We Brits love real estate. I know many people who invest in property but would never touch another asset class. There is something about real estate that draws people in. Whether its tangible properties, high current income, long-term appreciation potential or inflation protection properties, people just love to invest in real estate. Its almost becoming an obsession.
Whilst many people want to invest in property, they want to know what is the best way to do so.
Should they invest in buying properties outright on their on or should they use real estate investment trusts which are listed on the stock exchange. What are the historical returns? This article will help answer the mentioned questions.
Looking at data from reit.com , from 1992 until 2017 the returns were as follows:
- Private Real Estate Investments – 7%
- REITS – 11%
REITs outperformed private real estate by 4% per annum!
In other words, if you invested £1,000,000 in REITs rather than in private equity real estate 25 year ago, you would have nearly two and half times more today. Interestingly, REITs crushed private peers with much lower average leverage, better diversification, a stronger focus on quality properties, and less risky strategies in general.
So why did REITS outperform private property?
A big reason is due to REITs having better access to different capital sources.
REITs can raise finance by issuing new shares, raising new debt, and investing these proceeds in new acquisitions. As long as the expected return of the property is greater than the average cost of capital, there’s a positive spread to be earned for the existing REIT shareholders.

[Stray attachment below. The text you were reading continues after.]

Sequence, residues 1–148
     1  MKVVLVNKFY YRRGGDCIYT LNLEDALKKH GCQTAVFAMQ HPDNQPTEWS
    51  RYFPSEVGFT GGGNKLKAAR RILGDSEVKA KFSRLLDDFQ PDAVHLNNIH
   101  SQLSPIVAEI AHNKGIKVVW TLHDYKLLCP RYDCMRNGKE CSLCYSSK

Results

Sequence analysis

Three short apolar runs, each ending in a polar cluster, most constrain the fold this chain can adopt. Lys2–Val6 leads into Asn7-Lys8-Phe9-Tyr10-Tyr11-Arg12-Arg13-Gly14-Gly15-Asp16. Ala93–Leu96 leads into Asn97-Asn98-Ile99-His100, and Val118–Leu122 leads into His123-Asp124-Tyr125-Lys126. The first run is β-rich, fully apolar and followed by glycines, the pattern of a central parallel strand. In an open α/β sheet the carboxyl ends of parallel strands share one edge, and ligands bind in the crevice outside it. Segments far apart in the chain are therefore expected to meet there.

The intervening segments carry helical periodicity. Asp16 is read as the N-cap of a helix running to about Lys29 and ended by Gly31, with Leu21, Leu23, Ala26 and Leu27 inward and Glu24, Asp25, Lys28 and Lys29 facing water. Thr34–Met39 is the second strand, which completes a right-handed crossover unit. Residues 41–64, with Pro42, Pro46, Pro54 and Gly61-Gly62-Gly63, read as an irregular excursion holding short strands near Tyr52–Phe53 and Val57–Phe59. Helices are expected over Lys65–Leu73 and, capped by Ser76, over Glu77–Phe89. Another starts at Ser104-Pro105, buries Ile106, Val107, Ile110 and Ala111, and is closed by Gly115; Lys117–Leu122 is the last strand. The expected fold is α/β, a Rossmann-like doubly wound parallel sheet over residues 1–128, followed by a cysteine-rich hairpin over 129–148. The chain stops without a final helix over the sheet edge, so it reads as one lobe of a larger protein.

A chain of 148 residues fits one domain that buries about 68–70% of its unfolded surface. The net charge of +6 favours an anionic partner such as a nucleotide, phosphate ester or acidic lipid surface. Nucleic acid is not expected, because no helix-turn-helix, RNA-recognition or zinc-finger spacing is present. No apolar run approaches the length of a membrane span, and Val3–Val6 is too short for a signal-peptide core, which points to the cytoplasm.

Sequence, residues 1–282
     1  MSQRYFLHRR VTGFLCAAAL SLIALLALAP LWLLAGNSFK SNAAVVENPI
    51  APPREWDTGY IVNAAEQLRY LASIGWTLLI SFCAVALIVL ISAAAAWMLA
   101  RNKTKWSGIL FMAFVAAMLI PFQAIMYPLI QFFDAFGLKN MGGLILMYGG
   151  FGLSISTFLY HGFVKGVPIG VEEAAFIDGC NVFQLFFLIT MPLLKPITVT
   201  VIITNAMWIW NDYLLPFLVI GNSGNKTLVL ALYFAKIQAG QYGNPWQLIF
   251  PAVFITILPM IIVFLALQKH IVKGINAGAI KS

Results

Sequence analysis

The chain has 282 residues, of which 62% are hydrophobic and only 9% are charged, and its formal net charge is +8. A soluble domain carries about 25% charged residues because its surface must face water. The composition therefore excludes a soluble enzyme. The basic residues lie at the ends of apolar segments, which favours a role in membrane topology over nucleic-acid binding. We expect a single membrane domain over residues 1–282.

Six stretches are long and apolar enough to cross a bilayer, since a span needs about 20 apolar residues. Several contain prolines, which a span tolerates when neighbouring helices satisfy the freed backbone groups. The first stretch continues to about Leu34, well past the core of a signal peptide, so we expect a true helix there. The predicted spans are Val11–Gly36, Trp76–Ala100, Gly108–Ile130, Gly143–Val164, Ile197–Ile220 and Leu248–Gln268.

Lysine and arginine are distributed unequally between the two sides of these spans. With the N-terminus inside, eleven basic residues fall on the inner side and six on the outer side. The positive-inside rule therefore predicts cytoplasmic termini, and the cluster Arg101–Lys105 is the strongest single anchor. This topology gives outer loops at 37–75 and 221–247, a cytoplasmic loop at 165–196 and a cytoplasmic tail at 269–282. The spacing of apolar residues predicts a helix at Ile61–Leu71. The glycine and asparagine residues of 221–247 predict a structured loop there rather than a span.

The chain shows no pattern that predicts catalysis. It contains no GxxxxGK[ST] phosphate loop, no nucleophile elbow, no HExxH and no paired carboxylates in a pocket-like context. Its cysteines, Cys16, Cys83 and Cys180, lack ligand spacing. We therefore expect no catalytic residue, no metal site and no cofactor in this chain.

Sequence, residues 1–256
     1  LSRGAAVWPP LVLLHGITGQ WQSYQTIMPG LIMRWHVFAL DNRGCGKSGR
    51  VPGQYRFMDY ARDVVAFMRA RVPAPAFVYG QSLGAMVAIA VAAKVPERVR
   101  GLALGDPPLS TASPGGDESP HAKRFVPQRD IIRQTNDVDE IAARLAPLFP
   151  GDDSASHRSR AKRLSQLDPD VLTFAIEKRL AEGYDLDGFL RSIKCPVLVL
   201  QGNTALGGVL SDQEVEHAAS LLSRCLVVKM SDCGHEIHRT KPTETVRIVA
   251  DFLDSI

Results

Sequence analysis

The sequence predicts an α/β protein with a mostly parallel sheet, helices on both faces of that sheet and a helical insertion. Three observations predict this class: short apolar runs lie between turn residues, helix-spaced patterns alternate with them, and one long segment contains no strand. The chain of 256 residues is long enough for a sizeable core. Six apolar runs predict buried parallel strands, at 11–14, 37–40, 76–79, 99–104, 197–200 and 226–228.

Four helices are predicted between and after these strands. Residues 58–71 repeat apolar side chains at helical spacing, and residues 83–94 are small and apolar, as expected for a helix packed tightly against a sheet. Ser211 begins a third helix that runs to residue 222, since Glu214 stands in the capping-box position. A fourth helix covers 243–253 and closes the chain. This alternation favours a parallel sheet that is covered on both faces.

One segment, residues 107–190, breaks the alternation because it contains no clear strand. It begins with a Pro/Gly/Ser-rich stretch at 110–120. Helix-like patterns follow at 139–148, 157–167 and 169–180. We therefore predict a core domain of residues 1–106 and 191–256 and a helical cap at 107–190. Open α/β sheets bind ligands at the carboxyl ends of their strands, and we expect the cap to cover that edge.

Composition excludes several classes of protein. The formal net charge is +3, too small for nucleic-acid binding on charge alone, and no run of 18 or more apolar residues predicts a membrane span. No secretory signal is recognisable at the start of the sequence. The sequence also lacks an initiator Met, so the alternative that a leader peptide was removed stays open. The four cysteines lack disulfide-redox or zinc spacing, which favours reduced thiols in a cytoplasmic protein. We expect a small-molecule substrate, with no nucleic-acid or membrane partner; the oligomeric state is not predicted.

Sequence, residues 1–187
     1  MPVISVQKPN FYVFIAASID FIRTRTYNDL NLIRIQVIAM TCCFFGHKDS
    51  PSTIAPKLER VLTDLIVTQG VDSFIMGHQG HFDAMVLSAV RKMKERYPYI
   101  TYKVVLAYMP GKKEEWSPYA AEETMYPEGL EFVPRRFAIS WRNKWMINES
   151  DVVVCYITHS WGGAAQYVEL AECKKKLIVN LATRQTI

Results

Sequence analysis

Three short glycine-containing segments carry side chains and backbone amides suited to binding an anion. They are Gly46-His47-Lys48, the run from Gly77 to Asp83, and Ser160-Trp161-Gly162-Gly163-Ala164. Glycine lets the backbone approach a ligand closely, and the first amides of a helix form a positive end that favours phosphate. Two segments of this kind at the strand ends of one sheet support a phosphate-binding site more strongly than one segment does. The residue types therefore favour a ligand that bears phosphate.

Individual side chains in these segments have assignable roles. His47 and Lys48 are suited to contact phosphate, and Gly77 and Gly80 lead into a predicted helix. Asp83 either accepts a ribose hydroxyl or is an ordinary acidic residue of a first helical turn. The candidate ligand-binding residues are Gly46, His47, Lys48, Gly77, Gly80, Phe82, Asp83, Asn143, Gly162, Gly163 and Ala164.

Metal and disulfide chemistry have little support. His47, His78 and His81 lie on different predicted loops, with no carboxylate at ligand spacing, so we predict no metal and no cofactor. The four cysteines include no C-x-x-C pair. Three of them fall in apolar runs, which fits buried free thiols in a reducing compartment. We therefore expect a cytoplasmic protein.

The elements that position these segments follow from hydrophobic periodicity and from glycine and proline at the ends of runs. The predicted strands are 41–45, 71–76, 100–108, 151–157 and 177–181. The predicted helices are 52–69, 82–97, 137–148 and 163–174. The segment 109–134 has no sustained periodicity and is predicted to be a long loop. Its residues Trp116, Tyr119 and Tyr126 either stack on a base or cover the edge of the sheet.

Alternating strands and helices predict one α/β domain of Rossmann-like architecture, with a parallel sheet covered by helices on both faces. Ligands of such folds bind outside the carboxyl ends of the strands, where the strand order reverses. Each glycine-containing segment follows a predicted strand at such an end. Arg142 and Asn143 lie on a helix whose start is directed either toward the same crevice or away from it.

Furthermore, REITS can acquire debt at cheaper rates than individuals due to higher credit ratings.
The other advantage of REITS, is that it offer the opportunity to invest in broad and widely diversified portfolios of properties in a liquid and cost-efficient manner. With REITs, you can easily invest in all property sectors including office, retail, industrial, residential and many other specialty sectors in almost any geographical location.
This results in significant risk mitigation as compared to private investments, which are likely to be much more concentrated in nature. Being concentrated can sometimes lead to higher returns, but it’s also clearly a riskier strategy that has historically not even paid off.
As an individual, it can be more tax efficient to invest in real estate via REITS as opposed to private property. REITs own properties and are able to pass through the rental income to dividends without paying tax, which is an attractive structure for an income investor to own. The investor also pays 0% in taxes if the REIT shares are held in an ISA or SIPP account.
So there you have it. REITs have historically generated total returns far exceeding those of private real estate investments. The risk adjusted return of REITS in particular is far higher that private real estate returns.